In physical terms it is by caring for the body, which when healthy and balanced is the condition of the purification of the soul. III, , 10—, 5. It has its first origin in Epistle 31 On the diversity of languages now considered from the standpoint mentioned in the title by Albert Reyna Epistle 31, III, , 8—10 and , 8— This is because imamate is of two kinds: prophetic and regal. Usually the tasks of the ruler are neatly distinguished from those of the prophet, because governance is a mundane business and prophecy is related to the life to come III, , 5—6.
On occasion these qualities are combined in a single person, who is then the delegated prophet and also the ruler III, , 18— While the Prophet Muhammad was both prophet and ruler of the Muslim umma , so ensuring its best defence, his possible successors did not always match him in nobility. Subsequently, prophecy and governance are sometimes found in two different persons, one of whom is the prophet delegated to that community and the other the person who has been given power over them.
They support one another III, , 19— The real problem seems, then, to be the dignity of the person appointed as the caliph, which alone is the condition of a legitimate prophetical succession. Hijab, ; Tamir, , 89— Kraemer and Stroumsa In contrast to Baffioni , —, Heck , — seems to side with Netton's reading of the intellect-guide in terms of a rational intellect.
Epistle 31, III, , 11—12 are opposed.
Marquet , ; Hamdani , The defeat of evil people is also often foreshadowed in the encyclopedia cf. Epistle 31, III, , 19—24 and , 2—3. A rigid hierarchy of universe links each level of existence, physical and spiritual, to that which precedes and that which follows it where the beings that belong to the various levels cannot go beyond them. Their content has been transmitted and developed by subsequent thinkers of various persuasions. Al-Farabi Al-Kindi Al-Razi [Fakhr al-Din] Arabic and Islamic Philosophy, disciplines in: natural philosophy and natural science Arabic and Islamic Philosophy, historical and methodological topics in: Greek sources Arabic and Islamic Philosophy, special topics in: prophecy creation and conservation Neoplatonism Pythagoreanism soul, ancient theories of.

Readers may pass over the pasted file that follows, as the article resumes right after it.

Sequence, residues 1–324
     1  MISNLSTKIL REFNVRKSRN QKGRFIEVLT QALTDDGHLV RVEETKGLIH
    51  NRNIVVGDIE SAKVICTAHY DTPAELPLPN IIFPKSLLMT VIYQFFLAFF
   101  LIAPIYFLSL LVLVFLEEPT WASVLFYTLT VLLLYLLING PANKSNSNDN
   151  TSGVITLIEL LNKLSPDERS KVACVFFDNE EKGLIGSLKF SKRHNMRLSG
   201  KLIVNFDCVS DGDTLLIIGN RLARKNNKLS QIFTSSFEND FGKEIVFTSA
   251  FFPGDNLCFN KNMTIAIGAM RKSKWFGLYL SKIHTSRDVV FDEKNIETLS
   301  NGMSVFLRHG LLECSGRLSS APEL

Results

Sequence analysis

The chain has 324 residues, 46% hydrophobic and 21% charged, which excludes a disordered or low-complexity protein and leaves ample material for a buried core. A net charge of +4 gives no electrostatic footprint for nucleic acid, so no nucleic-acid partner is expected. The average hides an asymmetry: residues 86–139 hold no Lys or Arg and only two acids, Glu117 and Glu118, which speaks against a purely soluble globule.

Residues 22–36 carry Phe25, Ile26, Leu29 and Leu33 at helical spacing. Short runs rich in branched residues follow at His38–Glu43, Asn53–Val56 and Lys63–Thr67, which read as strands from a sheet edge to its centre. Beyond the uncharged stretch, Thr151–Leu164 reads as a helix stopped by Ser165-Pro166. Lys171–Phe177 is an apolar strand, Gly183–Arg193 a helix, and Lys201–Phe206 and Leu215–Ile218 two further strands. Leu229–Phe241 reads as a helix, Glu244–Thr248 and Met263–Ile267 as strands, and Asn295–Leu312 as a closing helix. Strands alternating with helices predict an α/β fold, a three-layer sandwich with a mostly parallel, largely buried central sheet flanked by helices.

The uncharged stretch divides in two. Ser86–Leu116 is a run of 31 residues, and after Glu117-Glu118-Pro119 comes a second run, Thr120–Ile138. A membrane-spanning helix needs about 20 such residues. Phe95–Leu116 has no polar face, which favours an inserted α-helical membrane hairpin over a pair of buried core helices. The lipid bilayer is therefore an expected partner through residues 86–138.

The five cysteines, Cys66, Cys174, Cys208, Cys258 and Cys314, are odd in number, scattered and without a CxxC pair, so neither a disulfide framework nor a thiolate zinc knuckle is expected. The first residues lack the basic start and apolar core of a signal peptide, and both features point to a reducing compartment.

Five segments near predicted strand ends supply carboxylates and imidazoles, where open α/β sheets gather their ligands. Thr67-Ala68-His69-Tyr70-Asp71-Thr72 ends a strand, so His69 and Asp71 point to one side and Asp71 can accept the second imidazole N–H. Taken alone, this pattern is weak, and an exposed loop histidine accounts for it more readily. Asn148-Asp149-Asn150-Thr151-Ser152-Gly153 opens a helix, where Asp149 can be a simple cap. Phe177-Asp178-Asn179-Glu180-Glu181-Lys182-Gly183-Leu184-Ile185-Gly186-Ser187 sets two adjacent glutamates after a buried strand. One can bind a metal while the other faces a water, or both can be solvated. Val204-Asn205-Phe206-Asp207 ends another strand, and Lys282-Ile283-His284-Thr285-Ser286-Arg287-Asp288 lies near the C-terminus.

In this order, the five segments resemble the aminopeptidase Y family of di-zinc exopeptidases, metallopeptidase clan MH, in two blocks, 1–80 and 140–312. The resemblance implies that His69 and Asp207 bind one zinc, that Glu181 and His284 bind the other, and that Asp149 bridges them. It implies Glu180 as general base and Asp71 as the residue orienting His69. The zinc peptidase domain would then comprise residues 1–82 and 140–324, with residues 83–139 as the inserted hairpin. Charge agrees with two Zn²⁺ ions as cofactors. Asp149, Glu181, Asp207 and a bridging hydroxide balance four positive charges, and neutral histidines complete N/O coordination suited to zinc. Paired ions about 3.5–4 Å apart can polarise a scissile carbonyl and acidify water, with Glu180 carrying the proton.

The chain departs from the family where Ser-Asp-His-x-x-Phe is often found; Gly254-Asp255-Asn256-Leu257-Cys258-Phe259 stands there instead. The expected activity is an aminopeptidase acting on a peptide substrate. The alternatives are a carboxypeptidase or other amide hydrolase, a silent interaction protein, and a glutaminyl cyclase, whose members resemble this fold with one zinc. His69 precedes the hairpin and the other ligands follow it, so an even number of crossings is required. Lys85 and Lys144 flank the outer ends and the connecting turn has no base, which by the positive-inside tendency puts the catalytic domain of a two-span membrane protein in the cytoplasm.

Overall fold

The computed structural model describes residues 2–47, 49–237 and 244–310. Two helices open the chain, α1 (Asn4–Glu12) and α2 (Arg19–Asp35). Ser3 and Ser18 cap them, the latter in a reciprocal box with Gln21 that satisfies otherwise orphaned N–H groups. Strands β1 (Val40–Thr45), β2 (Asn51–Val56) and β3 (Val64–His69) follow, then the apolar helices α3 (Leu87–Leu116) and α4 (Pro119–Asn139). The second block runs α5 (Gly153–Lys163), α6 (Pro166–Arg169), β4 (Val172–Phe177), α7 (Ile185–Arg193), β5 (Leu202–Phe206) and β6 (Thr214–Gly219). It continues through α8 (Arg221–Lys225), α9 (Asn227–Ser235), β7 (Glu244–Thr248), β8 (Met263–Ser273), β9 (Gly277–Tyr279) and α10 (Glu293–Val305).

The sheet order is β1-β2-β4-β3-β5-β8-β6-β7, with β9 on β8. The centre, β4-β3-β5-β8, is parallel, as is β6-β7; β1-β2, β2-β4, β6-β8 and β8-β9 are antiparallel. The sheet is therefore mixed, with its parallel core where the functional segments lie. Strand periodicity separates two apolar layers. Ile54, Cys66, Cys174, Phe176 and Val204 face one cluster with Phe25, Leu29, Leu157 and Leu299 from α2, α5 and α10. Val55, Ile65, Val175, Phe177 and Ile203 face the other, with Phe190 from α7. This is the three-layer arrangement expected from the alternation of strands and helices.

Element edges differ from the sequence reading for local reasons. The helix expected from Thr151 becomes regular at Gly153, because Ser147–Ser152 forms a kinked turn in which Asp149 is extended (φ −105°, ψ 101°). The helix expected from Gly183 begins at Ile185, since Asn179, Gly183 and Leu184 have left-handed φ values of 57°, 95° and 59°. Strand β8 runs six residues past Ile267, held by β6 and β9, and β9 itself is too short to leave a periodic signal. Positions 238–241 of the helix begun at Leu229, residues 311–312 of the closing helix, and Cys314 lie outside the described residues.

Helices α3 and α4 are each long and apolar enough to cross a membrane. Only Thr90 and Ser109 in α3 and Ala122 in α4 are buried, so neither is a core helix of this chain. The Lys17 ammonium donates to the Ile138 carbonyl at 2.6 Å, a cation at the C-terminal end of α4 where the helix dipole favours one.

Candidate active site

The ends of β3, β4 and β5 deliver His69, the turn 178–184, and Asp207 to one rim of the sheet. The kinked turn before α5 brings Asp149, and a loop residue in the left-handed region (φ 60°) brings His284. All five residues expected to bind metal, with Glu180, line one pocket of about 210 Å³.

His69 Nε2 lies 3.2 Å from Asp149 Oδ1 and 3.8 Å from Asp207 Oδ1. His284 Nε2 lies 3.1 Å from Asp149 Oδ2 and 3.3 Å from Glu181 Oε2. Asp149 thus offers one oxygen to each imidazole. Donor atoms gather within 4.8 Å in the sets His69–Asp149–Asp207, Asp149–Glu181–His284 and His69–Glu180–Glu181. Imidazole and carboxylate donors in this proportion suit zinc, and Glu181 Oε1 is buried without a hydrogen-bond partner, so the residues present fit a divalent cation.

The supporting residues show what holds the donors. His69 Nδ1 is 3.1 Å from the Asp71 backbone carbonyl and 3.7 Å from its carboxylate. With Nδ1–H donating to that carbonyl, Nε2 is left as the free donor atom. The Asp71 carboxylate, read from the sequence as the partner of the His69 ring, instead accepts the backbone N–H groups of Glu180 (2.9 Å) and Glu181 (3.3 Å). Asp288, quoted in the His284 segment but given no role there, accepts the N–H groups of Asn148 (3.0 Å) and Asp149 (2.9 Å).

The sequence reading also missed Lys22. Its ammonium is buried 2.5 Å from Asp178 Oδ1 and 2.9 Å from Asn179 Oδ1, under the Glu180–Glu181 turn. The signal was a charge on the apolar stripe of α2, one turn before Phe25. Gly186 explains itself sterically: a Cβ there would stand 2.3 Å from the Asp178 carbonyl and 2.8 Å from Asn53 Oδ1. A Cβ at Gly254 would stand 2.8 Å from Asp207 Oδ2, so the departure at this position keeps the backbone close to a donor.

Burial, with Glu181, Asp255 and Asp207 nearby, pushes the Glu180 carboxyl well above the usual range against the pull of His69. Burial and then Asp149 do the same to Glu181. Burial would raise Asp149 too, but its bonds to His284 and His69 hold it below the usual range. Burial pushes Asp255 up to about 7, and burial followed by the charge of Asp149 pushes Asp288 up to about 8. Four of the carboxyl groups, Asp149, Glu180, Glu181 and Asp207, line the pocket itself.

Authorship 2. Naming and Dating 3. Ideological commitment 4.
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The extant corpus 5. The classical heritage 6. The religious component Just like philosophy, as a way towards salvation, is an imitation of God and implies that the disciple is provided not only of an acute mind, but also of a pure heart through which God will be recognized as the sole and the supreme teacher in knowledge and deeds, as the Holy Book demonstrates, cf. It is also an opportunity to examine the history of transformations in early America and, broadly, the early modern world, by taking fuller account of scholarship on the politics of primitive globalisation.
In the North-American colonies, the West Indies, India, Latin America, and Africa, entire peoples and their lands were reinvented by trading companies, individual administrators, theoreticians and executors of empires, as well as by those rare voices, many of who were abolitionists, who developed a critical approach to European expansion abroad. Pathos has been a fundamental aspect of literature in every epoch. On the other hand, the novel — the genre dominating literary modernity — has been o! Indeed, in Western cultures, there is a widespread suspicion towards pathos, which has o!
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How is the materiality of the visible world inscribed in its cultural representations? What are the more or less visible actors and mechanisms in the genesis of a cultural artefact? These are just some of the questions that cultural studies, in their innate interdisciplinarity and methodological heterogeneity can formulate with respect to the issue. Existential conceptions of the relationship between Philosophy and Theology. This special issue aims to explore and reflect on the ways in which the relationship between philosophy and theology is conceived, problematised, and illuminated in existential or existentialist thought.
This multi-day forum of panel presentations, a poster session, and interactive breakout sessions on key issues facing Western European collections and public services will encourage both structured and unstructured debate. We will advance our understanding of the challenges and initiate action in three areas: design new models for collaborative collection development and services; explore a growing range of content and format types and what they mean for libraries and researchers, and highlight the evolving role of libraries and librarians in the research process.